Douglas Murray is an author and journalist and has written several books on identity politics, including immigration issues and immigration.
We like to claim that we are color blind, but in reality we are obsessed with color. How can I, as a white person, understand myself and my own role towards people of color if I also claim that there is no difference between us?
Douglas Murray writes that God is dead, and what struggles we must fight in the post-religious society. We are now fighting a constant battle against everyone we believe is on the "wrong side" of the new truths we have built up in the shadow of God's death, the author writes.
We try to nail each other to the cross of shame and guilt.
The truth has become human, far too human. This means that you can quickly end up on the wrong side of the moral divide between good and evil when you begin to question the prevailing politically correct moral worldview: “Are you in opposition to social justice? What do you want? Social injustice? »
Modern identity politics
The European consciousness does not like to be confronted with its own past. Historic figures on pedestals in the form of large, towering statues now fall in the age of identity politics, rebellion and anti-racism. But the problem with being declared anti-racist is that anti-racism has become a totalitarian ideology. In the age of identity politics, you do not escape the accusations of racism if you are white, no matter how you formulate yourself. If you are not consciously racist, then you are unconscious. If you try to claim that you are not a racist, you will probably be told that you are either a racist without knowing it, or that you are trying to hide your anti-racist attitudes behind a veil of privileged superiority, only mixed with a suitable dose of shame. And how do we understand our identity in the light of modern identity politics? These are some of the key issues Murray addresses in his book.
"Third worldism" is often called the ideology that the third world is morally superior to the first, since the oppressors are morally inferior to the oppressed, an ideological view that Douglas Murray warns against: "The victim is not always right, deserves no praise, and may not even be a victim. »
In light of this, we can understand why large parts of the cultural struggle are about appearing as a victim of the abuse of others. For if one manages to give an impression of oneself as a victim, one has won the sympathy of the public, and thus the struggle over who has the right to define himself as the morally good party in a conflict. But of course: Anyone who is a victim in one position may well be an abuser in another position. No one is just a victim or just an abuser.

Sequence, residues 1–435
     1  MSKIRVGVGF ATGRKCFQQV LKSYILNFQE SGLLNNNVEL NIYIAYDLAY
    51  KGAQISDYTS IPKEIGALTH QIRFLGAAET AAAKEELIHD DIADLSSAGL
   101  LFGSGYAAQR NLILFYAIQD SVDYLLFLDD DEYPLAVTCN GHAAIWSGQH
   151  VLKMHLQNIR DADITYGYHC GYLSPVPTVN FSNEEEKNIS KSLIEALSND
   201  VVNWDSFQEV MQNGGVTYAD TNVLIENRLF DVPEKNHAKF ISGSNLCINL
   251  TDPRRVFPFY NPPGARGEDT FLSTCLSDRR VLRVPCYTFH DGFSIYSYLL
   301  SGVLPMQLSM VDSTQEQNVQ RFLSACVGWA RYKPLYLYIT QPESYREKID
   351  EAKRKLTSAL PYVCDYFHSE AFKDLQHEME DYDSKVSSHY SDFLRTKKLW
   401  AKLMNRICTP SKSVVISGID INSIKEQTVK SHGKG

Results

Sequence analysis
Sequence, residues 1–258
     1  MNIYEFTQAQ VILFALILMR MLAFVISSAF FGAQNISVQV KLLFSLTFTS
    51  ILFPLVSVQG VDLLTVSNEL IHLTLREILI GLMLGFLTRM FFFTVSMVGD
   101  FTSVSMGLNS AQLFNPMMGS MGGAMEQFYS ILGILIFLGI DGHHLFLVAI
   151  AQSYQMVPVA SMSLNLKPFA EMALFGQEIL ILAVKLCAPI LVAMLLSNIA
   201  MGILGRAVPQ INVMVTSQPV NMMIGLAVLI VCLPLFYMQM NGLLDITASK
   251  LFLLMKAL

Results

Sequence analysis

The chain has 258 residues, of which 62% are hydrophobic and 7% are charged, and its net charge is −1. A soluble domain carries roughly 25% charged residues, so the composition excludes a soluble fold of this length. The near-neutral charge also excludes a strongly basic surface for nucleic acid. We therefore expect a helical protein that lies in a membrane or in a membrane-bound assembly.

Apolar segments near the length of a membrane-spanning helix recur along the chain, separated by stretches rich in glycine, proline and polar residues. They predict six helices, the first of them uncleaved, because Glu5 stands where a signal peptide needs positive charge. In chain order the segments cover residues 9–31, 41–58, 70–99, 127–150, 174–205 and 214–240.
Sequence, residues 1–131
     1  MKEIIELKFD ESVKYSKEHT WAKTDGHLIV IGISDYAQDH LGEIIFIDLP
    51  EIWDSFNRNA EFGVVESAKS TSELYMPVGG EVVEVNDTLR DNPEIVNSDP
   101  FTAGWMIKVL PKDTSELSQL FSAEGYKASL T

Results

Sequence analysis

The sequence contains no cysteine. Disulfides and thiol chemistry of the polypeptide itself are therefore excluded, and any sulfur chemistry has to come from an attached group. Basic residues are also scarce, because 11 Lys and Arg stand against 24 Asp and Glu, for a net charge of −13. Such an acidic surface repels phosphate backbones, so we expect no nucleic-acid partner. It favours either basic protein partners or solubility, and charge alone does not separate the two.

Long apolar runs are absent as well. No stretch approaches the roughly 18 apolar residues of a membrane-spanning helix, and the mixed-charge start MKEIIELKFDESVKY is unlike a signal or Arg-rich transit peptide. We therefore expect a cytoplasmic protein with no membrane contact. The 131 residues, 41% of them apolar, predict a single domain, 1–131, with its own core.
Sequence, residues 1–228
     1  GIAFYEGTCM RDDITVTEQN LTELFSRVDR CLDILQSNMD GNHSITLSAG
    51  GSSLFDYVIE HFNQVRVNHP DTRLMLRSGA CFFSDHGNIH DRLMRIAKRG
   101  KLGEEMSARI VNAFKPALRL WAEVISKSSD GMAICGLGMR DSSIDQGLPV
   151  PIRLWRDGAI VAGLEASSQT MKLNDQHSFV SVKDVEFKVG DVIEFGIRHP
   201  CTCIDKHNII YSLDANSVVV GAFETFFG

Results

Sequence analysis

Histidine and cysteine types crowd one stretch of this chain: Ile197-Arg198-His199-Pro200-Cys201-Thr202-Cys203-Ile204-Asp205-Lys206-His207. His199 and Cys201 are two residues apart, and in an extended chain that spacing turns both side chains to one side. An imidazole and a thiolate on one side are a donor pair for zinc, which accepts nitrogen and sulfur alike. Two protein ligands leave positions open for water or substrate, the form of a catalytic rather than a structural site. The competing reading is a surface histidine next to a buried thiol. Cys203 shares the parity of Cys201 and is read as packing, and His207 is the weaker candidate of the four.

The author spices up the book with a number of festive examples of identity-political and gender-political problems. In the age of feminism, post-Marxism and transsexuals, it is precisely the concept of floating gender that is on the agenda. The great paradox is that we try to nail each other to fixed identities, at the same time as the postmodern concept of gender identity has become more and more fluid. A man who has committed abuse against a woman, and then changes gender before he is convicted of the abuse, should he be sent to a men's or women's prison?
The problem with being declared an anti-racist is that anti-racism has become a totalitarian ideology.
Why can lesbian women freely engage in sexual intercourse with each other in public, while a heterosexual man could never do the same to a woman without being exposed as a sexual abuser?
Some of these issues, the author writes, have to do with the development of social media. "Public shaming", as it is called in English, has dissolved the barriers between the public and the private. But, as he recalls, we lack mechanisms that can get us out of the situation we have ended up in, for example regarding public shaming. Contextual collapse is called when a statement on social media is attacked from all sides and its author is hung out for public ridicule and contempt when those who inflict shame do not know the original context.
The ability to forgive
Murray also constructs amusing issues such as: Who enjoys sex most, the woman or the man? And who will be able to decide this question? Murray claims that only a gay man, who "has both sexes built into his sexuality", is the right person to decide such a question. He also believes that the sexual play between two of the opposite sex contains many enigmatic elements, and that the rules for this game can far from be fully explained with politically correct concepts.
By the way, is it the case that the term "guilt" is all that is left of the Christian culture, while the ability to forgive has disappeared with the bathwater?
Precisely at a time when identity has become a fluid concept, the great paradox is that we try to nail each other to the cross of shame and guilt, placing each other in categories and dichotomies such as black, white, woman, man, victim, abuser; we expose people to shame who question our concepts, instead of developing a greater degree of forgiveness.
The author calls for generosity in the age of identity politics. But then we must not fall into the trap of believing that differences are something that does not exist. It is, as he writes, ridiculous to think that phenomena such as color and gender do not exist, but it would also be fatal to think that it means absolutely everything.
See also: The identity-political winds of the time